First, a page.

In the case of Seattle, Stern is acting on behalf of a new owner who spent $350 million -- more than the team was worth -- to buy the Sonics. As I've written before, one of Stern's priorities is to drive up the value of franchises, because that's a big factor in how his owners measure the health of the league. I believe most objective observers would say that Bennett did not make a good-faith effort for a full year (as he promised in writing to do) to negotiate an arena deal in Seattle; that he showed little patience or interest in compromise in his approach to a negotiation that required vats of both; and that he too quickly found comfort in the idea of moving the team back to his home state of Oklahoma. Stern may disagree with this assessment, but he had to decide what was in the best interests of the league, and in his mind it was more important to support a new owner and keep the value of franchises rising -- even at the expense of a traditional market like Seattle.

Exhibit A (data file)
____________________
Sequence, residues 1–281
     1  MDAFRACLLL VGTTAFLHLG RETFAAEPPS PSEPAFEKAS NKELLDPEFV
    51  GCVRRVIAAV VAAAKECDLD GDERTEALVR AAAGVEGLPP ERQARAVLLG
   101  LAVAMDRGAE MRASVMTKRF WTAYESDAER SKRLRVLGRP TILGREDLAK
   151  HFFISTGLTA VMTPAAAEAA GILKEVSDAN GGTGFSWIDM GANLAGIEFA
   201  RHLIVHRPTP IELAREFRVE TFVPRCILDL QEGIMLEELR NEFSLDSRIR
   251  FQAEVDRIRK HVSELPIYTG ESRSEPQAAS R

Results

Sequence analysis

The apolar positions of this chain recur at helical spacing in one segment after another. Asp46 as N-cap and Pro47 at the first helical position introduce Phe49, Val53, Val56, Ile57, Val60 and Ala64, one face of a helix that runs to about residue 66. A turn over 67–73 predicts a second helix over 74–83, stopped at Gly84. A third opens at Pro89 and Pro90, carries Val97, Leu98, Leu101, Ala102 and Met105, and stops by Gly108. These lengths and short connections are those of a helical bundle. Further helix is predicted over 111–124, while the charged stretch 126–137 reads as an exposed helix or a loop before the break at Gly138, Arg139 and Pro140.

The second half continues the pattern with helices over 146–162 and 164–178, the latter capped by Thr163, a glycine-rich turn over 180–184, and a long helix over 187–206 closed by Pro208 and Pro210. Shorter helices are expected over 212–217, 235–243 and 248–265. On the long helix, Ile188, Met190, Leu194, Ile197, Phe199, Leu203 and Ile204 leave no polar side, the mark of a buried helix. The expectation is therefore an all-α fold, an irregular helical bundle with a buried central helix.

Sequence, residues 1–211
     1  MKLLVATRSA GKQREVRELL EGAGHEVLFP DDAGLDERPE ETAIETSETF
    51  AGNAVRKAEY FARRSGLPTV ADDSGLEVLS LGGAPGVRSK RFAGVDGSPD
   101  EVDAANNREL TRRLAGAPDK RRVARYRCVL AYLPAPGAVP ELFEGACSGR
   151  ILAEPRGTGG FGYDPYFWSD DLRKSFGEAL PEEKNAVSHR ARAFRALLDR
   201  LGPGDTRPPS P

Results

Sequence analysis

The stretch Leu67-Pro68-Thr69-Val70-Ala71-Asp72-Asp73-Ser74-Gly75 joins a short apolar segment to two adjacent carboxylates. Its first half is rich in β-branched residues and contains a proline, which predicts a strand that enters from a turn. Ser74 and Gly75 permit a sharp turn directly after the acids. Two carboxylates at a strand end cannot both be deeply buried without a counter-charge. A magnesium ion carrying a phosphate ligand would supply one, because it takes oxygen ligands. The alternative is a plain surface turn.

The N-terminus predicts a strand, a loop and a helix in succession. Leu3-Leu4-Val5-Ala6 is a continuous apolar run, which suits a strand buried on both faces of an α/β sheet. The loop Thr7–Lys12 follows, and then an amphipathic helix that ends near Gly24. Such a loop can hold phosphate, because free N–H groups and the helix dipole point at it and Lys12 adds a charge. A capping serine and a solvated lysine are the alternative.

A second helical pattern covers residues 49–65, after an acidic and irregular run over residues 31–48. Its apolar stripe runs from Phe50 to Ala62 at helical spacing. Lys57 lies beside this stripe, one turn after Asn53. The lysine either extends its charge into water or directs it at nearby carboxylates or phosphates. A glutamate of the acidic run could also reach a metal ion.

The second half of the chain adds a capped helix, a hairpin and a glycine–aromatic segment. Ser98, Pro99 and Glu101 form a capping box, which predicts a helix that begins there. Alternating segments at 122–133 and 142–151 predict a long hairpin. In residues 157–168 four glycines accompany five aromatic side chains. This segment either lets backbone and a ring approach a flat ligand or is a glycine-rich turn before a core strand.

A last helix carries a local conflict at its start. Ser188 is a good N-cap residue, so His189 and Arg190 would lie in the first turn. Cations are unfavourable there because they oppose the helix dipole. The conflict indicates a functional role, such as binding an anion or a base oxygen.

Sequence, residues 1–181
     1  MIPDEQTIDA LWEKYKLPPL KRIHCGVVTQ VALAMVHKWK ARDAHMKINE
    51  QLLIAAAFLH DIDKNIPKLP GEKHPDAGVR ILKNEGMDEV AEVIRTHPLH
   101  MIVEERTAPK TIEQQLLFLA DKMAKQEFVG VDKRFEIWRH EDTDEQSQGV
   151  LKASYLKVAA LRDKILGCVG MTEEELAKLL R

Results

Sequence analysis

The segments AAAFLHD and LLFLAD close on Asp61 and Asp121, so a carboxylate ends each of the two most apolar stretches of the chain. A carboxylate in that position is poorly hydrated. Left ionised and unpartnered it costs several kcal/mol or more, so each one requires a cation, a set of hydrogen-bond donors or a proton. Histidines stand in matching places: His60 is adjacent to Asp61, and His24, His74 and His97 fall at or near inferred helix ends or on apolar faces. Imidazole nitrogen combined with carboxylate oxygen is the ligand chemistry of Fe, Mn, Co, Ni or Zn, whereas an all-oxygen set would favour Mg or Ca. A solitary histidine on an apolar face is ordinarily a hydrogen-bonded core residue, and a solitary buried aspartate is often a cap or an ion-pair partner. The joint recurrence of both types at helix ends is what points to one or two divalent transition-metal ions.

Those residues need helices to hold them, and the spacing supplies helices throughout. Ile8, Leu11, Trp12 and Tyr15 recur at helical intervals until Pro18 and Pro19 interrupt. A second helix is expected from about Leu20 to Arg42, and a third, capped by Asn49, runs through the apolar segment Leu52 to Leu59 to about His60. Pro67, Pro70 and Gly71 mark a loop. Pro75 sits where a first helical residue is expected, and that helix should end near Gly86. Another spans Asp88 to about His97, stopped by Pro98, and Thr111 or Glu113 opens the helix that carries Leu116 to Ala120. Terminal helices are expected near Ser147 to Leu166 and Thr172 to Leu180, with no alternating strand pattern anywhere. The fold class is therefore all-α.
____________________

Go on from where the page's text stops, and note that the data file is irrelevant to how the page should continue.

(Of course he's read the e-mails that have been released in the papers; Stern reads everything.)
If the court rules that the Sonics must see out their lease and spend the next two seasons in Seattle, then Bennett's total losses may soar to well over $100 million by the time he moves the team to Oklahoma City in 2010. In that case, would he be willing to sell to a local group led by Microsoft's